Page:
November 8, 2012
Bram Stoker's 165th Birthday
Bram Stoker created a legendary villain when he penned his 19th century story Dracula. Few other characters have haunted popular culture for generations as much as the eponymous Count Dracula, whose fanged face has long been a staple of haunted houses and Halloween costumes. He's also featured in at least 200 feature films since the dawn of cinema, played by such acclaimed actors as Bela Lugosi in 1931 and Gary Oldman in 1992.
An epistolary novel, Dracula is innovative in that it is a story told through diary entries, transcribed phonograph recordings, dictated essays, scholarly articles, records, reciepts, and news stories. In this way, Stoker paints a vivid picture not only of the horror of Dracula's evil power, but of the fascinating Victorian England which he terrorized.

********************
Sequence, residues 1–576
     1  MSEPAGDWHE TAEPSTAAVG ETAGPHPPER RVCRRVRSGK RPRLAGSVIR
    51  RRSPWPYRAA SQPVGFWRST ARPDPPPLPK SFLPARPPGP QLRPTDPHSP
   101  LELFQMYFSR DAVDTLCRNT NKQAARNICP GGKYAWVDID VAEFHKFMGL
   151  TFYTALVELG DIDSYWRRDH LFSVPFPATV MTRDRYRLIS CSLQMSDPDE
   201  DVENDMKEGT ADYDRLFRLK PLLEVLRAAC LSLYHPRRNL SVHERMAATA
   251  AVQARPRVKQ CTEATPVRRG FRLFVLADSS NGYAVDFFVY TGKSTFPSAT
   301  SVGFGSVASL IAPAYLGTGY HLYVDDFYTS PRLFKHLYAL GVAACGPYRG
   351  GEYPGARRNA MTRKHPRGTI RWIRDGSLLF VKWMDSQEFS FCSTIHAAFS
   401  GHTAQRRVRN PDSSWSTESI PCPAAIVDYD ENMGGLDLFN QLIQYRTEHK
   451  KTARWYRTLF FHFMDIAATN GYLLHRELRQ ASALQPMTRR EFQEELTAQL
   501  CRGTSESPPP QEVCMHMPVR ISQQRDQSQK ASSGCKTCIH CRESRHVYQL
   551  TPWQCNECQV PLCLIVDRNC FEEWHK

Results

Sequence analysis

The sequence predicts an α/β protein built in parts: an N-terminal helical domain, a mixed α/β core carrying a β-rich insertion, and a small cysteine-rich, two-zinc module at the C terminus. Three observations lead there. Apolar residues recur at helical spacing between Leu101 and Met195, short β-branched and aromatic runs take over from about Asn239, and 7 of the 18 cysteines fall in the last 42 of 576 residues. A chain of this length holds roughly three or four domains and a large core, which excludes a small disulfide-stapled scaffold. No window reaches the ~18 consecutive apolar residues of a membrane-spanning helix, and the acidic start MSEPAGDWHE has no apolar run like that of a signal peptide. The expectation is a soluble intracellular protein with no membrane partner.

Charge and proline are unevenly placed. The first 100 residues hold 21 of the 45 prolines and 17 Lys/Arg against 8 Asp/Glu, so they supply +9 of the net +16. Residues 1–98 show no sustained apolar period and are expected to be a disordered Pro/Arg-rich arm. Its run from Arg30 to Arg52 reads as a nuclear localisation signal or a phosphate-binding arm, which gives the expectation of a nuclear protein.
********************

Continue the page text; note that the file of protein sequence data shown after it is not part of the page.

When I set out to create this doodle, I immersed myself in the source material by reading the thoroughly well-documented annotated edition by Leslie S. Klinger. Klinger's notes served to further contextualize the story, which capitalizes on the strict Victorian moral code to spin a tale that is all the more terrifiying for how thoroughly it deviated from contemporary mores.
I wanted to give a nod to each of the major characters in the story, as it is their collective observations which shape the saga. I invite our users to see if they can identify 7 protagonists, 4 antagonists, and 1 who falls somewhere in-between. For the visual style, I was very much influenced by the works of Edward Gorey and Aubrey Beardsley, whose artwork embodied the debauched Gothic horror that Stoker so skillfully conveyed in his work.
Posted by Sophia Foster-Dimino, Doodler